Beautiful ad celebrates 100th anniversary of the first Leica camera by recreating 35 famous images from the history of photography. But not all the photographs were shot with a Leica camera. Wait, what? Hit the jump to watch the video and find out more.
The new ad celebrates the 100th anniversary the first Leica camera and the opening of the Leica Gallery in São Paulo in November. The 2 minute video beautifully recreates or references 35 famous images from the history of photography and includes, among others:
- Raising the Flag on Iwo Jima, Joe Rosenthal
- Photographs of the Apollo 11 moon mission
- Migrant Mother, Dorothea Lange
- Le Baiser de l’hôtel de ville, Robert Doisneau
- Rue Mouffetard, Paris, Henri Cartier-Bresson
- Untitled (Book in Mouth, New York City), Jeff Mermelstein
- Behind the Gare St. Lazare, Henri Cartier-Bresson
- Muslim women on the slopes of Hari Parbal Hill, Henri Cartier-Bresson
- Phan Thi Kim Phúc, Nick Ut
- Sanaa, Yemen, Samuel Aranda
- General Nguyen Ngoc Loan executing a Viet Cong prisoner in Saigon, Eddie Adams
- Flower Power, Bernie Boston
- Quang Duc self-immolation, Malcolm Browne
- Unknown Rebel of Tiananmen Square, Jeff Widener
- Portrait of Che Guevara, Alberto Korda
- Identical Twins, Roselle, New Jersey, Diane Arbus
- Segregated Water Fountains, Elliot Erwitt
- John Lennon and Yoko Ono, Annie Leibovitz
- Girl With Leica, Alexander Rodchenko
- Self Portrait with Wife & Models, Helmut Newton
- Seine-Maritime, Dieppe, Henri Cartier-Bresson
- Falling Soldier, Robert Capa
It’s a delightful and beautifully moving tribute to some of the greatest images from the history of photography and John Malkovich doesn’t make a single appearance. But the fact that not all the images were shot with a Leica is leaving many photographers scratching their heads.
A Tribute To Leica Photography
The inspirational voice-over sums up the message of the video:
100 years ago something changed dramatically the course of photography. The first leica was born. Of course you could say, “Hey some of these photos weren’t taken with a Leica at all!” But I must gently disagree with you. Leica took the camera out of the studio and placed it into real life. Images à la sauvette. Snapshots. We were able to see, to feel, to smell thousands of moments. It became an extension of the eye of the photographer. Joy, pain, ordinary things, fear, losers, winners, misery. War from inside. One image contaminating the others. Metastasis. The most iconic images in history, even the ones that weren’t taken with a Leica, were taken “because” of a Leica. We didn’t invent photography. But we invented… photography.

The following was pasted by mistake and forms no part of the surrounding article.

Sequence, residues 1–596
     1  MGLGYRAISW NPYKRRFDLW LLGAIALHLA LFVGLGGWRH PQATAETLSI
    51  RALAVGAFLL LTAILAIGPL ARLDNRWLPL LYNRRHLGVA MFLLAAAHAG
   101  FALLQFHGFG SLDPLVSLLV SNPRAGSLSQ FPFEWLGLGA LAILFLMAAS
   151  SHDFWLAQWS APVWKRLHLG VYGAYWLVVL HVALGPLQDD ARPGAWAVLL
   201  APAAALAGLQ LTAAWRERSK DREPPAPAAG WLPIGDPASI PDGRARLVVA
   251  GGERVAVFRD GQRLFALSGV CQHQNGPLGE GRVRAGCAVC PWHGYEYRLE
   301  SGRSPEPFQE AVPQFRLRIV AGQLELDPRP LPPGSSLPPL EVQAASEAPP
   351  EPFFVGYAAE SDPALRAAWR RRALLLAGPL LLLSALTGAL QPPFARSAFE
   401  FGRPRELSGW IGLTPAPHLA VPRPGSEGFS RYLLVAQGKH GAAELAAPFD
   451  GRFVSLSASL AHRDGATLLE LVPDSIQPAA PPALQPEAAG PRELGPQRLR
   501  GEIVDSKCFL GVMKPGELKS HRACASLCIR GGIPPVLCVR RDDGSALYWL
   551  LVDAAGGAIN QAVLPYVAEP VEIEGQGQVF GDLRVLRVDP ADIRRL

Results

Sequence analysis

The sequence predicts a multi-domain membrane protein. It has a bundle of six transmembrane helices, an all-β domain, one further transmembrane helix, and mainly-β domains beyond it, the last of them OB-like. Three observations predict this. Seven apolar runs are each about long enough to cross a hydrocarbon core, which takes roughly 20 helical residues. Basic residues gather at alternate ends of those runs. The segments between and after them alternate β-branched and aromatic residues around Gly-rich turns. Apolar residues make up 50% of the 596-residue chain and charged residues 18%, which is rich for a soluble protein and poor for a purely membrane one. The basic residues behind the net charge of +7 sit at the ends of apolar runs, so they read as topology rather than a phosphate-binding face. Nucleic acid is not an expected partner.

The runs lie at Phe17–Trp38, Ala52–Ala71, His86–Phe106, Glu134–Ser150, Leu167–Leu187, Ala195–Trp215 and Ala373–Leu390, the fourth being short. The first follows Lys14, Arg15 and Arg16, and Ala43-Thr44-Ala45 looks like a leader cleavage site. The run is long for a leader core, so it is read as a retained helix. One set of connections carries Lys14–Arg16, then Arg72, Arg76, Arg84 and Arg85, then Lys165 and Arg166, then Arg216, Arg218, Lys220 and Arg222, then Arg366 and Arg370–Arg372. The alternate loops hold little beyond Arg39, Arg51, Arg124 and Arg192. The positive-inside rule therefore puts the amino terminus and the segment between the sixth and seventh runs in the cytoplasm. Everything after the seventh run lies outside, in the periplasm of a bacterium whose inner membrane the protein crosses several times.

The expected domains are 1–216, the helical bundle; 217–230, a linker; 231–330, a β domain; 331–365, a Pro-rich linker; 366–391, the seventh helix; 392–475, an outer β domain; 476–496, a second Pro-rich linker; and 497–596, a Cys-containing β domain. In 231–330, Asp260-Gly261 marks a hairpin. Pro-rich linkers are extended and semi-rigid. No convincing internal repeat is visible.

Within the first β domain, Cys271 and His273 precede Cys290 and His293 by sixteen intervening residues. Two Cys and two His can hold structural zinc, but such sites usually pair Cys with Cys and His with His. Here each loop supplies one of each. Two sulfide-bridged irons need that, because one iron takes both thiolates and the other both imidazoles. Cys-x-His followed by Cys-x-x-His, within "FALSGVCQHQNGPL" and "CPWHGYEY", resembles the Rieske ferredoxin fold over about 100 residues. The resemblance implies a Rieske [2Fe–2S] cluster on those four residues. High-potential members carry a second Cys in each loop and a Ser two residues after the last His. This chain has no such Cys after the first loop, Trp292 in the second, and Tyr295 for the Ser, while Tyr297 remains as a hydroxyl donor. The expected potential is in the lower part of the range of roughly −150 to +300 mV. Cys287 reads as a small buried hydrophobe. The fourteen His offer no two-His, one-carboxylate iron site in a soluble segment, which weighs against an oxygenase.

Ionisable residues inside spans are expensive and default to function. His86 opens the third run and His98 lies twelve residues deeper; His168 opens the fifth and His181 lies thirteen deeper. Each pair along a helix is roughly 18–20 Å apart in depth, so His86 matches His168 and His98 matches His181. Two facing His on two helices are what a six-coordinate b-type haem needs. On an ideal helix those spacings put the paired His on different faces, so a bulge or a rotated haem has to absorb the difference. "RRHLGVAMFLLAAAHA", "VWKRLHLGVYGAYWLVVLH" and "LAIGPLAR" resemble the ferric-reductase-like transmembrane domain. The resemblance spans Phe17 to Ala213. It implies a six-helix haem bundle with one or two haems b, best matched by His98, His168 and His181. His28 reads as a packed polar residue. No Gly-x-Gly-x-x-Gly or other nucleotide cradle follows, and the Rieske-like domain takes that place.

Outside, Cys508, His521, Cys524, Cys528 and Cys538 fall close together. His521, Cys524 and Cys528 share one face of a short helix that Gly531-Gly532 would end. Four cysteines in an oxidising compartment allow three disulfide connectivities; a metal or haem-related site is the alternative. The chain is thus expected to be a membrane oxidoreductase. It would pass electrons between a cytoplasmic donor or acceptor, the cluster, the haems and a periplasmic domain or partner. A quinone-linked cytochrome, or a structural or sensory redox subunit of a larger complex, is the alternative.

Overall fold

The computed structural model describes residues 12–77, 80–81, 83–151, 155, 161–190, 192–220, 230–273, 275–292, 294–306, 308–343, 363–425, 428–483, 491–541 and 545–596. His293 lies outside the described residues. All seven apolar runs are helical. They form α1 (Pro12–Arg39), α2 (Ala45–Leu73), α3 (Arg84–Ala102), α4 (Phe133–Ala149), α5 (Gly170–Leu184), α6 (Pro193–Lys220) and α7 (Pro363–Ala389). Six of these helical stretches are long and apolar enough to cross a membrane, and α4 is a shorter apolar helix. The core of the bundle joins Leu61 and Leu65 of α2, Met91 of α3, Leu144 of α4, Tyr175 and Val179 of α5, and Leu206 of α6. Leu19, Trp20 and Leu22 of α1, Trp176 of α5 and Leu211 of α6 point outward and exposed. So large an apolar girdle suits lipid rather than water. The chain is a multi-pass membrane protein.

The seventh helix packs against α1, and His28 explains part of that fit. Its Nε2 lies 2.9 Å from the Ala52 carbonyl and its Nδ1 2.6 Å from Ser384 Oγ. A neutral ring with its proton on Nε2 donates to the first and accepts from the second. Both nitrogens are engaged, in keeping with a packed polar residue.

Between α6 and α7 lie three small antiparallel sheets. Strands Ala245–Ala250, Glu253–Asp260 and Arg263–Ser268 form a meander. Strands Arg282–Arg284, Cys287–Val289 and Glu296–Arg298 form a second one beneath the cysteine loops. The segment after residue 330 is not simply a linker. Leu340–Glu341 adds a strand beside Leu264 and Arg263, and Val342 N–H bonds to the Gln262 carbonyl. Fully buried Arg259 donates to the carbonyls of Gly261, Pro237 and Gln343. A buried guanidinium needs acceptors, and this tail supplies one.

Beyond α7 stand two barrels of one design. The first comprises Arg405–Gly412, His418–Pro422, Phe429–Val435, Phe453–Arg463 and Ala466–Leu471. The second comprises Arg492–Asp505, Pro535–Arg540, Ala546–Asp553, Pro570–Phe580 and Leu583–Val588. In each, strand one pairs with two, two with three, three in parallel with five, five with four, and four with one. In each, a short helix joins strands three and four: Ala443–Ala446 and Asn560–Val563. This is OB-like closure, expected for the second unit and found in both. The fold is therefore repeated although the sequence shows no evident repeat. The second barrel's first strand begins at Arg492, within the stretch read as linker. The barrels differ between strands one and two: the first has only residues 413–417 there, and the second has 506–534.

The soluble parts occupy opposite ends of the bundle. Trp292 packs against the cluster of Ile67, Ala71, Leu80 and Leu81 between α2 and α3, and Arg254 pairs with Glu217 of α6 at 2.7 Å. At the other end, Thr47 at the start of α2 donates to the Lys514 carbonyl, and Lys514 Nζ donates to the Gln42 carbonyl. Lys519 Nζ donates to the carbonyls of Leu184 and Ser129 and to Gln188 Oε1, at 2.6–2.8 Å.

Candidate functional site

Everything Is A Leica?
Not every famous photograph was taken with a Leica. But they were all taken because of a Leica.
Humble much? :)
The idea is that Leica helped move photography out of the studios and let photographers capture life in the real world. And so, in a way, Leica made possible every photo you’ve ever seen that captures real, unscripted, uposed life. Did you hear that? The BS alarm just went off the shizzle!
Look I understand what Leica is saying here. The majority of the images in the ad were shot with a Leica and one could make a case that Leica is celebrating photography and not claiming ownership. Except for the face that the ad makes that exact claim! I’ll admit that I’m a bit of a Leica fan but I really have to wonder what Leica was thinking on this one.
The fact remains that Leica has played an important part in the history of photography. Their cameras continue to be in the hands of the world’s greatest photographers with good reason. Quality, craftsmanship and usability are the hallmarks of the brand. And don’t even get me started on the optics!
What’s your take on Leica’s latest ad spot? Too much or just enough? Post your comments below and keep the conversation going!